Writing is… the best way to be me.

Reading is… as necessary as cheese. (I cannot live without either.)

Books are… my favorite friend.

Did you know… I used to be a competitive figure skater? I got married in Hawaii? I have two daughters and a hamster? I have Multiple Sclerosis? I choose cheese over chocolate? I despise coffee? I live in New Jersey? I make the best meatballs in the world? I have a five-foot stuffed purple orangutan named Norman who lives on my stairway?

You can find me… somewhere in my imagination.

View original post 46 more words

Congratulations to…

Katie Engen

for winning a critique from MOUSELING’S WORDS author Shutta Crum!

LeeAnn Rizzuti

for winning a copy of Denise Fleming’s THIS IS THE NEST THAT ROBIN BUILT!

Sheri Radovich

for winning FIRST SNOW signed by Nancy Viau!

Lenora Rougeou Biemans

for winning a copy of TERRIFIC TONGUES by Maria Gianferrari!

Rosie Russels

for winning Lydia Lukidis’s A REAL LIVE PET!

An email will be coming to y’all soon!

by Cate Berry

Bedtime. There’s a word. If you’re like me, at the end of the day, you’re spent. I’ll admit, some nights, if I could “do bedtime” via the latest app I’d gladly press my thumbprint into a device. A quick video would help the kids settle down right? Netflix, PBS, Youtube…

But I write books for children.

D’oh!

There’s a special time at the end of the day when grown-ups and kids come together. After the dog-and-pony-show—the getting into pajamas, the getting teeth brushed, the endless hijinks—that’s when we finally connect.

Research shows that reading bedtime books has a palpable effect on early literacy. Magic happens when a child sits on a grown-up’s lap at the end of the day listening to a story, watching the text interact with the pictures on the page. Comparing and contrasting the drawn page with the pictures in their minds helps a child develop critical thinking. And the literacy “residue” from reading aloud helps kids develop a broader vocabulary at an earlier age. As the Times article states, “… every parent who has read a bedtime story knows, this is all happening in the context of face-time, of skin-to-skin contact, of the hard-to-quantify but essential mix of security and comfort and ritual.”

Learning benefits aside, I also believe it’s good for people to laugh with each other. Sharing a giggle can heal the day’s bumps and bruises. My characters, Penguin and Tiny Shrimp, want to share their laughs and smiles. Ultimately, they care about spreading joy and fun—together.

Teamwork.

That’s what this book is about. My two characters work together—the buddy system!—against a common goal of falling asleep. [Don’t tell them, but much yawning will ensue, almost guaranteed.]

Does bedtime make you wiggly? Grab a buddy—a lovey, a sibling, a book! I was paired with a great “buddy” for the making of this book, illustrator Charles Santoso.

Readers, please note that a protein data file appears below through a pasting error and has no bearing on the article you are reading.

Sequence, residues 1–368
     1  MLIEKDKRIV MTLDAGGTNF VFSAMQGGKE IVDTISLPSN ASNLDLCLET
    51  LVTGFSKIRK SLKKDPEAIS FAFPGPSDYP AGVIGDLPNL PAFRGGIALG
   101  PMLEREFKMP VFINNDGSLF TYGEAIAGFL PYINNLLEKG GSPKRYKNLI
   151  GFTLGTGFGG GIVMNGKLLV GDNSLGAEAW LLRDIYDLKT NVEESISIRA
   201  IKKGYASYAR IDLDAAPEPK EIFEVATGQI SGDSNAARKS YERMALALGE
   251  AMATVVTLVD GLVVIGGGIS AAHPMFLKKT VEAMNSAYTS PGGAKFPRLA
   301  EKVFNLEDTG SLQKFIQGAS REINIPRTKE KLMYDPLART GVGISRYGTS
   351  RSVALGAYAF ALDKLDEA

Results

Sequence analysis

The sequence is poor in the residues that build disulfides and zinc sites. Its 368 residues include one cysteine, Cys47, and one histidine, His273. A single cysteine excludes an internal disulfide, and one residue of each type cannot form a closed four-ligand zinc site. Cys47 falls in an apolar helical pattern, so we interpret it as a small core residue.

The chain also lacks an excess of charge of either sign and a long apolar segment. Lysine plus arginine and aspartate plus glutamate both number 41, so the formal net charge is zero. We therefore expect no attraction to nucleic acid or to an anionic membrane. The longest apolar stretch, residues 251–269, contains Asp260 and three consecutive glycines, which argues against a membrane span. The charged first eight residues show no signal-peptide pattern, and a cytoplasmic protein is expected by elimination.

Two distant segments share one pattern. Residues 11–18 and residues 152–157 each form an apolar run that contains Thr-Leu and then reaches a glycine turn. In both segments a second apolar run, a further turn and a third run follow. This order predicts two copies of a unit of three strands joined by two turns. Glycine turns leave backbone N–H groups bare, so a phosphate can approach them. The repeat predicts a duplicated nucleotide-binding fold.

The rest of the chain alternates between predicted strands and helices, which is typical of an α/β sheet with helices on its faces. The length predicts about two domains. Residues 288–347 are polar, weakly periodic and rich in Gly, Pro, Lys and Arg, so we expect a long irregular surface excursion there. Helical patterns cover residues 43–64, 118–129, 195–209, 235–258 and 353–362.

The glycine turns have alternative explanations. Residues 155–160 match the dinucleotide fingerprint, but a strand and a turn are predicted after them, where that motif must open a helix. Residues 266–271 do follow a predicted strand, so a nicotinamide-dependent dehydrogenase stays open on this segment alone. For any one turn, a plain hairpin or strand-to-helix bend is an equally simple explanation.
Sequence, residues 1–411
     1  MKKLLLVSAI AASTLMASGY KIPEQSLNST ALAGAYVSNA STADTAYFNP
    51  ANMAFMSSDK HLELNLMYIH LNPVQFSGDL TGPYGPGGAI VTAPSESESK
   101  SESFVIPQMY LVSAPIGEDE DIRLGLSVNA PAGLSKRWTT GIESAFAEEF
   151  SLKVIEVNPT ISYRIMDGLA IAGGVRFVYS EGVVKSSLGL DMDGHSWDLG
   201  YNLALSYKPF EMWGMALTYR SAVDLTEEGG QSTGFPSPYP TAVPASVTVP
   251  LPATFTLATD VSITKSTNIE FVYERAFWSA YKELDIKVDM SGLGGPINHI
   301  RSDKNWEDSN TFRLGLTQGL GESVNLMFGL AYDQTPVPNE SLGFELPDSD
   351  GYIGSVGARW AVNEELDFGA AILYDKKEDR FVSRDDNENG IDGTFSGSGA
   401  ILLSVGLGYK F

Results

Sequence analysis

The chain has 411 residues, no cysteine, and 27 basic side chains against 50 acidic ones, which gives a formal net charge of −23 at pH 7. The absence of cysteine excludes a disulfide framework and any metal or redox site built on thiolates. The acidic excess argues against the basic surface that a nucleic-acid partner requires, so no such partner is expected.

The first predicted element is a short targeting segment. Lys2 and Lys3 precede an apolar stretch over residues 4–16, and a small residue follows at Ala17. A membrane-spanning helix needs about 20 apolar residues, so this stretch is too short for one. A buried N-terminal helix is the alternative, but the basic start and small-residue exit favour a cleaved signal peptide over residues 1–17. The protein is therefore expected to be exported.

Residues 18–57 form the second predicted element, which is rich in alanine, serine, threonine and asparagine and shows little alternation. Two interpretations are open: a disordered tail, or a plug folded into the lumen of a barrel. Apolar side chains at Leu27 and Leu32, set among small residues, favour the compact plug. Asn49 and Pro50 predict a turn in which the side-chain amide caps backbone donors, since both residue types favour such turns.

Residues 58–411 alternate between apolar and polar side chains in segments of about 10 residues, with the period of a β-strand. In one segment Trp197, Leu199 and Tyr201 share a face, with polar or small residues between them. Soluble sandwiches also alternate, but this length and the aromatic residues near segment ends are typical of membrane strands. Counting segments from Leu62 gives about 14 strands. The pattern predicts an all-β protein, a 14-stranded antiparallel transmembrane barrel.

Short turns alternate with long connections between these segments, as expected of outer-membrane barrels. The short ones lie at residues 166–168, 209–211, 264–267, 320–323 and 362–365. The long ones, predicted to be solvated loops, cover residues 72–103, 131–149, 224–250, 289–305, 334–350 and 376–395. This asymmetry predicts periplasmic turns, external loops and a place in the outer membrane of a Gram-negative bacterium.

My favorite kind of picture book feels like a duet between the author and the illustrator. On one page the text might drive the story, followed by a wordless spread with just illustrations. It’s give and take. Maybe a graceful dance is a better way to put it.

Charles understood Penguin and Tiny Shrimp so authentically. In our interview for Cynsations he described to me how he listens to an author’s characters, letting them guide his illustrations, which is probably why he’s so versatile. At the same time, his signature warmth and emotion are always threaded throughout his work.

So, books. But there is one video I think you should watch: the one for PENGUIN AND TINY SHRIMP DON’T DO BEDTIME! (Spoiler: look out for Charles’ stealth characters!)

And, watch it with a buddy.

BIG thanks Tara for hosting me today on her wonderful blog!

Up with books, down with bedtime!


Cate Berry is the author of PENGUIN AND TINY SHRIMP DON’T DO BEDTIME! (May 8th, Balzer & Bray/Harper Collins). It was pinned a Junior Library Guild selection and Publisher’s Weekly called it, “A buoyantly subversive antibedtime book. (Picture book. 3-7).” She has forthcoming publications TBA and holds an MFA in Writing for Children and Young Adults from Vermont College of Fine Arts. Cate is a faculty member with the Writing Barn in Texas and an active member in the SCBWI and Writers’ League of Texas. She also speaks at schools, libraries and conferences year round on such topics as “Gender Stereotyping and Poetic Devices” and “From Stand Up to Sit Down: Funneling Surprise and Stand-Up Comedy into Humorous Picture Books.” Visit her at cateberry.com to learn more.

Cate is giving away a copy of PENGUIN AND TINY SHRIMP DON’T DO BEDTIME! upon publication in a few weeks.

Leave one comment below to enter.

A random winner will be selected soon.

Good luck!

by Doreen Cronin